We’re nearly ready to use CRISPR to target far more diseases

Oct 3, 2017

By Michael Le Page

The race is on to edit the DNA in our body to fight or prevent disease. Promising results from animal studies targeting the liver, muscles and the brain suggest that the CRISPR genome-editing method could revolutionise medicine, allowing us to treat or even cure a huge range of disorders.

The CRISPR genome-editing method was only developed in 2012, but it is proving so powerful and effective that around 20 trials in humans have already begun or will soon. Almost all of these involve removing cells from an individual’s body, editing their DNA and then putting them back into the body.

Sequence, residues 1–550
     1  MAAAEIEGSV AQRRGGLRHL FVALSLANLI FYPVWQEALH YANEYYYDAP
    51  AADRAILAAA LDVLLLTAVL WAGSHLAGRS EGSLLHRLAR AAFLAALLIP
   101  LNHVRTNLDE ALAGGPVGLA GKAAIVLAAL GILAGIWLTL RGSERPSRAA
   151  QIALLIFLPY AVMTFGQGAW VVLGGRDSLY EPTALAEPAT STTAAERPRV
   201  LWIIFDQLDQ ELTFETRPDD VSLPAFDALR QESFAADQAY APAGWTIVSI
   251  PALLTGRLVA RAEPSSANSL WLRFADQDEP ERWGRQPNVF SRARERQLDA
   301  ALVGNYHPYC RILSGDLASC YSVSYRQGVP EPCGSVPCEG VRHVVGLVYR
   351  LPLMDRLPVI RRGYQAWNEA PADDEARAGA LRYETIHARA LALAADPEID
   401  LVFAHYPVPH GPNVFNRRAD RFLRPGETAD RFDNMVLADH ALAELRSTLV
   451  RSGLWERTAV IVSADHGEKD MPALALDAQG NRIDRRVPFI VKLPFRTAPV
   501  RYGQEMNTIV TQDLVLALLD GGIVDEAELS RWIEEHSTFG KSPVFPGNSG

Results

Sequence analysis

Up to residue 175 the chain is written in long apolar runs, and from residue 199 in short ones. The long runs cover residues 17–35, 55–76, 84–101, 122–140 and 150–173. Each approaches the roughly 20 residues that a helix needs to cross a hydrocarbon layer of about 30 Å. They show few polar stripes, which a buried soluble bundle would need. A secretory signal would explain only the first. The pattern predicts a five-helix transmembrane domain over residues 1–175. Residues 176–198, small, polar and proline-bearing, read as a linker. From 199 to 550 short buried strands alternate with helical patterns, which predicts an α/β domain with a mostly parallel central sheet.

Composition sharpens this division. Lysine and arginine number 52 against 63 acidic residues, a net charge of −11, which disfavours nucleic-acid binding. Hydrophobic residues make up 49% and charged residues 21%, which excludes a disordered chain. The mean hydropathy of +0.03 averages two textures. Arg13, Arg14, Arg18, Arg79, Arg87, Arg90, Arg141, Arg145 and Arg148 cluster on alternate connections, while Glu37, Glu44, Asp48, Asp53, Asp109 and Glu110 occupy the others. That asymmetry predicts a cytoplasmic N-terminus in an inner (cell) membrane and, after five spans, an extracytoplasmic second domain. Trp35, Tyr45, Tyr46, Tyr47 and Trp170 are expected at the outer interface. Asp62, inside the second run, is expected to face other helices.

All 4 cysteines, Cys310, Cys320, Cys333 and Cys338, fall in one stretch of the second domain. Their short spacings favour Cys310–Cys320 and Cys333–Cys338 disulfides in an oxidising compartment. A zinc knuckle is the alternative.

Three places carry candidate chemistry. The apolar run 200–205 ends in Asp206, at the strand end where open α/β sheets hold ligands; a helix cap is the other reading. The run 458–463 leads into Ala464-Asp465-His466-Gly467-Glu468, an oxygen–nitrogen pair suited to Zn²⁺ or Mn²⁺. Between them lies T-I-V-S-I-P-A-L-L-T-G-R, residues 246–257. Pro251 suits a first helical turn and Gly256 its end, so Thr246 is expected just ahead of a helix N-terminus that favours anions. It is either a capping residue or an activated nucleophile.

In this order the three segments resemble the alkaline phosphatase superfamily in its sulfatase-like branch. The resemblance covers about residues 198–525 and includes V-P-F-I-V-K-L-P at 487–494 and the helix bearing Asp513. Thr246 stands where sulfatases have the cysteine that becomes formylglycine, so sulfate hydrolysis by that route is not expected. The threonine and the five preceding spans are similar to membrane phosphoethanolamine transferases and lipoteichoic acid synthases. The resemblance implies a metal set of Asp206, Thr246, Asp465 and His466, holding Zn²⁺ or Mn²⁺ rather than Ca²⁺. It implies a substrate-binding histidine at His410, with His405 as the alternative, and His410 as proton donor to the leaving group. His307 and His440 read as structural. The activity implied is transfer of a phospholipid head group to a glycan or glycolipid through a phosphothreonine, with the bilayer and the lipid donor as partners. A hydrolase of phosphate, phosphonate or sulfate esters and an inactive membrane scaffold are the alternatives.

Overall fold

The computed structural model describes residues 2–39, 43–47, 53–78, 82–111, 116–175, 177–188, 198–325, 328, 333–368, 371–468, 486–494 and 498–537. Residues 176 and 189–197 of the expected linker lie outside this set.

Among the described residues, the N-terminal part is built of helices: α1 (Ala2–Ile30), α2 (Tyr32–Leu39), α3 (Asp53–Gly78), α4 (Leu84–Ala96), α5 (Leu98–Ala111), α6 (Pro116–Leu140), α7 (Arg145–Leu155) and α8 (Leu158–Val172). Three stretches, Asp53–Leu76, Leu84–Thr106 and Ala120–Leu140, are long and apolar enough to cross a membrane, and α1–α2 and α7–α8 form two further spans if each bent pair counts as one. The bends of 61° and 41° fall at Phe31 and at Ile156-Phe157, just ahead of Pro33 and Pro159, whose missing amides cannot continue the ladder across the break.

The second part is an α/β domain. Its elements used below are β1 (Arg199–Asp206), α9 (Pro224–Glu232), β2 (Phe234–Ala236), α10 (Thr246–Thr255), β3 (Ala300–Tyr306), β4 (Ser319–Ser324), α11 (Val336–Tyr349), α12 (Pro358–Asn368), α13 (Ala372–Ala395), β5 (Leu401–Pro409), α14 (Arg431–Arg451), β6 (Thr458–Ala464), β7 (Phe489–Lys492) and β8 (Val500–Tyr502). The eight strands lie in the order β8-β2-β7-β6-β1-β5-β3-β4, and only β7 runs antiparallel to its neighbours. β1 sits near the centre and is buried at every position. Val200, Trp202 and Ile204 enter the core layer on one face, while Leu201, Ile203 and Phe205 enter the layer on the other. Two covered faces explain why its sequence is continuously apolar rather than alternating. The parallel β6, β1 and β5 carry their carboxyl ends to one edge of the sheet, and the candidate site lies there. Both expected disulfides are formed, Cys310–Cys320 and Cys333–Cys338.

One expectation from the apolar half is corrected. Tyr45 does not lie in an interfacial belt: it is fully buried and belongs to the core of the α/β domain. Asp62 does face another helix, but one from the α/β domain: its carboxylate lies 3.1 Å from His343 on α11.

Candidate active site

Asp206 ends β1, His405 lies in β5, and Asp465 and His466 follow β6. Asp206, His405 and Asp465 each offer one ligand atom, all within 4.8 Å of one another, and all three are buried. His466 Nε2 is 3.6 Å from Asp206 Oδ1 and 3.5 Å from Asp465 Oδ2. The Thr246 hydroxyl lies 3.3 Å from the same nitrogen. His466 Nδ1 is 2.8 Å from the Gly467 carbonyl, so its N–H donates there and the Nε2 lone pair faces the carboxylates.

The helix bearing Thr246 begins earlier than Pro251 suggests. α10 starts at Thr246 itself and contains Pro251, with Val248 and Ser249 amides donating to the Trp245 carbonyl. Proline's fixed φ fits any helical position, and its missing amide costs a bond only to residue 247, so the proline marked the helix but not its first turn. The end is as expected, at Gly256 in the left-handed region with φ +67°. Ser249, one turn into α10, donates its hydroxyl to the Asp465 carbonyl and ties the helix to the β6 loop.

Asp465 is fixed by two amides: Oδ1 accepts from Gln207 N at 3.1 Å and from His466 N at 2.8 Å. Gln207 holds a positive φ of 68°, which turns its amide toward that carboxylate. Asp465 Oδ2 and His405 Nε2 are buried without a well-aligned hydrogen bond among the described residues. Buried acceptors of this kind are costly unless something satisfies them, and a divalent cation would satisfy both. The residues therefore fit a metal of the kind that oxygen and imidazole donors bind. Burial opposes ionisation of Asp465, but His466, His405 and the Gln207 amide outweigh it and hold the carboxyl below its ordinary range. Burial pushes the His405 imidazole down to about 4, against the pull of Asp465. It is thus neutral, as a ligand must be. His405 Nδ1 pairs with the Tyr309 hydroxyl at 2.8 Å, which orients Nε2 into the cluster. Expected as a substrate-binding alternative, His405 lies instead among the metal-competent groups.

This approach has immense promise, for instance, it is being used to alter immune cells to make them better at killing cancers. It’s relatively easy to remove immune cells or blood stem cells, edit them, and then return them to the body, but this isn’t possible with most bodily tissues.

So editing cells inside the body would allow us to treat far more conditions – from genetic disorders to high cholesterol – and would also be cheaper than growing and editing cells outside the body. What diseases could be treated this way? “Absolutely everything,” says Irina Conboy of the University of California, Berkeley.

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